All About Jazz needs your help and we have a deal. Pay $20 and we'll hide those six pesky Google ads that appear on every page, plus this box and the slideout box on the right for a full year! You'll also fund website expansion.
With a forty-year track record of recording the blues, Taj Mahal has earned the label of maestro. Now, he celebrates four decades with an album that uses that word as its theme.
Born Henry St. Clair Fredricks in 1942, Mahal has mixed a variety of cultural influences in making his music. Although primarily a vocalist, he also plays a variety of instruments, including guitar, banjo and harmonica. The two-time Grammy winner has performed with or opened for Otis Redding, the Temptations, Martha Reeves and the Vandellas, Howlin' Wolf, Muddy Waters and Buddy Guy, among many others.
On Maestro, Mahal is joined on several tracks by an assortment of guests vocalists, and is backed by several bands. The Phantom Blues Band, which accompanied Mahal on his Grammy-winning recordings Senor Blues and Shoutin' in Key, joins for a cover of "Scratch My Back." Joe Sublett's grinding tenor sax solo gives this pleading anthem some extra juice and Mahal's vocal ad-lib makes a fun tune even more enjoyable.
Mahal co-wrote "Never Let You Go" with his daughter, Deva Mahal, who also performs background vocals. This quasi-reggae tune features the band Los Lobos in the background, and Trombonist Angela Wellman gives it some spirit.
Mahal plays banjo and harmonica on "Further on Down the Road," an easygoing piece that features Jack Johnson as guest vocalist. The Phantom Blues Band again provides backup. Reggae returns with "Black Man, Brown Man," a song of longing that brings in the Ziggy Marley Band, with Marley as guest vocalist. Rudy Costa delivers a delightful alto sax solo. The song also explores the topic of race.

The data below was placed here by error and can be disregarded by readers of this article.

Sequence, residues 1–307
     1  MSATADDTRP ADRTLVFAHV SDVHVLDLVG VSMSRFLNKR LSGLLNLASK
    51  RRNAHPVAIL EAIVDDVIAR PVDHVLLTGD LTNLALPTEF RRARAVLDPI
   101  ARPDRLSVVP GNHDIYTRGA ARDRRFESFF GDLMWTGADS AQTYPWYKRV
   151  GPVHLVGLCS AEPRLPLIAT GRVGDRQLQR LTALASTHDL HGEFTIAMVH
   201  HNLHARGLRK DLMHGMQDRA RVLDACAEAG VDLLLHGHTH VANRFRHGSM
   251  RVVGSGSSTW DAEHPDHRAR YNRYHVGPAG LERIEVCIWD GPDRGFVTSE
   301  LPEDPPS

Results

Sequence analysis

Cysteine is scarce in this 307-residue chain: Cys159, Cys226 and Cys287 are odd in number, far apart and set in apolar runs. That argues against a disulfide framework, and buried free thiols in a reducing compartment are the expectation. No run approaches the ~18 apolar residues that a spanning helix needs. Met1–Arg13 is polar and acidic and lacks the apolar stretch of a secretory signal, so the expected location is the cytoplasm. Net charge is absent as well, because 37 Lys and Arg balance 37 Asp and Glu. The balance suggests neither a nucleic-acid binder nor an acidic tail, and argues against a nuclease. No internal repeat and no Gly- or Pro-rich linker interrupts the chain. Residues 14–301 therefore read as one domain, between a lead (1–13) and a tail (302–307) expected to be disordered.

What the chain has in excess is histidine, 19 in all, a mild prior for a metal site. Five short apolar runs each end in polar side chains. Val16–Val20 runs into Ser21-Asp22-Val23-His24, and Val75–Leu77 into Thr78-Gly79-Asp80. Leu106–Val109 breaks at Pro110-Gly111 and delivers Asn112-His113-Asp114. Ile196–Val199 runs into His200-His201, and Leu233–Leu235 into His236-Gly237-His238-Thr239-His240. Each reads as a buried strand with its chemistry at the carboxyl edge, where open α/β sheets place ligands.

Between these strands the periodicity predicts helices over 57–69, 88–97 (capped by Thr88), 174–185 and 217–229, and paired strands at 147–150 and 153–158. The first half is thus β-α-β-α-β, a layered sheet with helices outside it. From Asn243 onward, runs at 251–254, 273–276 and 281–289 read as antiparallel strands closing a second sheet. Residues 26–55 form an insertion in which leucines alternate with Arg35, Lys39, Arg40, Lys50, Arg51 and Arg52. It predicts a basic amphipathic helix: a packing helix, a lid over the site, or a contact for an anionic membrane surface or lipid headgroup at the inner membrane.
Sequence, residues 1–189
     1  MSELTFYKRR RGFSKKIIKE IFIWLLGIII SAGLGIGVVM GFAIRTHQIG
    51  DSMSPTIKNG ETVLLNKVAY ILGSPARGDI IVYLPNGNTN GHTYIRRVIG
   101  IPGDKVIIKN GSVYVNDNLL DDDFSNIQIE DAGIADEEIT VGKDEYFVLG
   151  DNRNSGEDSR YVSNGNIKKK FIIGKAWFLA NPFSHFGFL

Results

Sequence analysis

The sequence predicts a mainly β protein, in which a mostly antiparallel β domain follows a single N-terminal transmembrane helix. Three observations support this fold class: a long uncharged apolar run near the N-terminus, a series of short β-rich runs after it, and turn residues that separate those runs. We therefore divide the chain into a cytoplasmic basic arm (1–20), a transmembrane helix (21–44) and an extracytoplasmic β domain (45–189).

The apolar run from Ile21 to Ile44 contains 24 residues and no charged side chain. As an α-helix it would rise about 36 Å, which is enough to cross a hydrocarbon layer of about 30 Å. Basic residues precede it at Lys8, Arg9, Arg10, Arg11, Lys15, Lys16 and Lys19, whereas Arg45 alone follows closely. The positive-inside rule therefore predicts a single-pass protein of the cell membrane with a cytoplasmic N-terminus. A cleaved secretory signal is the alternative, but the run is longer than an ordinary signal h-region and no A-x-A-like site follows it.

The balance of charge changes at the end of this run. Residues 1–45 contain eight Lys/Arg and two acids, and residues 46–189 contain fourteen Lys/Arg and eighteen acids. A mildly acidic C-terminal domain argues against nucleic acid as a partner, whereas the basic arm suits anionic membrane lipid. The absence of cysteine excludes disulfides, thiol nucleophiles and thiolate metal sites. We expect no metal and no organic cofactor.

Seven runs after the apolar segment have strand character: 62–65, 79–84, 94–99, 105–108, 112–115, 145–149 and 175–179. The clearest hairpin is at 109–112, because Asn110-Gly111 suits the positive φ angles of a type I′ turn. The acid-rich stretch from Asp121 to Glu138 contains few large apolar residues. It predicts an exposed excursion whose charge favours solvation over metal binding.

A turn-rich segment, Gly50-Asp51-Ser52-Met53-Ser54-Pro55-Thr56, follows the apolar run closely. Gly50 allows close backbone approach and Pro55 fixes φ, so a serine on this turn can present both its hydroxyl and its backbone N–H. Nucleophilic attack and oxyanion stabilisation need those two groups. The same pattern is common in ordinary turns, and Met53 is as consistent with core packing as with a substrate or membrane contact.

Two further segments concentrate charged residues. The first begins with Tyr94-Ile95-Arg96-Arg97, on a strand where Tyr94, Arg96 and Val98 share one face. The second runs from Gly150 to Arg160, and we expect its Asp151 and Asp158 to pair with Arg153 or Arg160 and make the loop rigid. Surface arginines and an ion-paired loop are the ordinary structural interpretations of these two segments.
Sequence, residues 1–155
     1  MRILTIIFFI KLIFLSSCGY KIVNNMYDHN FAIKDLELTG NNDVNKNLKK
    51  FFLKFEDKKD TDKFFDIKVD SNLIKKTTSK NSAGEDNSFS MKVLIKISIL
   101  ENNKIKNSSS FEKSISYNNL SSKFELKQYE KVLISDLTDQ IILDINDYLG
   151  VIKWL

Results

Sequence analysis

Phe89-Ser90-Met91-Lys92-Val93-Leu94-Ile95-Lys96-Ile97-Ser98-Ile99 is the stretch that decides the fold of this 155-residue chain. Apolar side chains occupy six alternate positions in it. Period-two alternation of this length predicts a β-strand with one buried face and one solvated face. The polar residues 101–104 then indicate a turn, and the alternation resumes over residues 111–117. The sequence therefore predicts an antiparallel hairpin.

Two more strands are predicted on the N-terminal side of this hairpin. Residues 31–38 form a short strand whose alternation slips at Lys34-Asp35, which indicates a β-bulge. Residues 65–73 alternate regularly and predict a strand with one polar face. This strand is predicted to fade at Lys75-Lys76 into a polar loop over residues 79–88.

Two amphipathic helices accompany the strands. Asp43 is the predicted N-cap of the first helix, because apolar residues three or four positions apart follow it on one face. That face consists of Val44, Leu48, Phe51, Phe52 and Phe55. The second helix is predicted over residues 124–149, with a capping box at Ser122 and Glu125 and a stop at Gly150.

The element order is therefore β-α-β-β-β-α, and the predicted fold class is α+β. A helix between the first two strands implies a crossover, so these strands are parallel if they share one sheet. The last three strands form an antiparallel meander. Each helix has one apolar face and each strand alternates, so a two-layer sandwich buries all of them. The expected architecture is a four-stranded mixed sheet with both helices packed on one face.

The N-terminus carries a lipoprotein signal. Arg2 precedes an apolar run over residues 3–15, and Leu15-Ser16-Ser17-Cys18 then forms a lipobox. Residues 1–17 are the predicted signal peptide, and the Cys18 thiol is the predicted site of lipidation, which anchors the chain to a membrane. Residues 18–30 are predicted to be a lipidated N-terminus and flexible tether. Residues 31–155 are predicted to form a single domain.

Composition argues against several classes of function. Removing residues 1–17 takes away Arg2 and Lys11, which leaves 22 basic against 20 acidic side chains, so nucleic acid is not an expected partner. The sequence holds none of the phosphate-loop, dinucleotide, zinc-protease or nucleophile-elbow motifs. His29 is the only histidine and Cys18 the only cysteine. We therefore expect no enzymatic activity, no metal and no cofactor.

Other guests include Ben Harper, the New Orleans Social Club, and African artists Angelique Kidjo and Toumani Diabate. Maestro features Mahal in a familiar element, particularly those songs recorded with the Phantom Blues Band, but it also is a fresh take on the kind of music that identifies Mahal.
Track Listing: Scratch My Back; Never Let You Go; Dust Me Down; Further on Down the Road; Black Man,
Brown Man; Zanzibar; TV Mama; I Can Make You Happy; Slow Drag; Hello Josephine; Strong
Man Holler; Diddy Wah Diddy.
Personnel: Taj Mahal: vocals, ukulele (2), guitar (3, 6, 8, 10, 11), harmonica (3, 4, 7, 8, 12), banjo (4,
5, 9); Deva Mahal: background vocals (2); Ben Harper: vocals (3); Jack Johnson: vocals (4);
Ziggy Marley: vocals (5); Rudy Costa: alto saxophone (5); Angelique Kidjo: vocals (6);
Toumani Diabate: kora (6); Jason Yates: keyboards (3); Michael Jerome: drums and
percussion (3); Jason Mozersky: guitar (3); Jesse Ingalls: bass (3); C.C. White: background
vocals (3); Pebbles Phillips: background vocals (3); Bill Rich: bass (6, 11); Kester Smith:
drums (6, 11), percussion (6); Bassekou Kouyate: ngoni (6); Debra Dobkin: percussion (6);
Mike Weaver: organ (11); Billy Branch: harmonica (11); Phantom Blues Band (1, 4, 9, 12);
Los Lobos (2, 7); Ziggy Marley's Band (5); New Orleans Social Club (8, 10).
I was first exposed to jazz as a middle school band student. A college ensemble passed through and put on a concert for the band students (of which I was one). The level of mastery and musicianship blew me away, intimidated, and inspired me
I was first exposed to jazz as a middle school band student. A college ensemble passed through and put on a concert for the band students (of which I was one). The level of mastery and musicianship blew me away, intimidated, and inspired me. Try as I might, I was never able to achieve a high enough level of competency to perform at the level I was first and subsequently exposed to. Regardless, I was hooked on jazz and remain so to this day.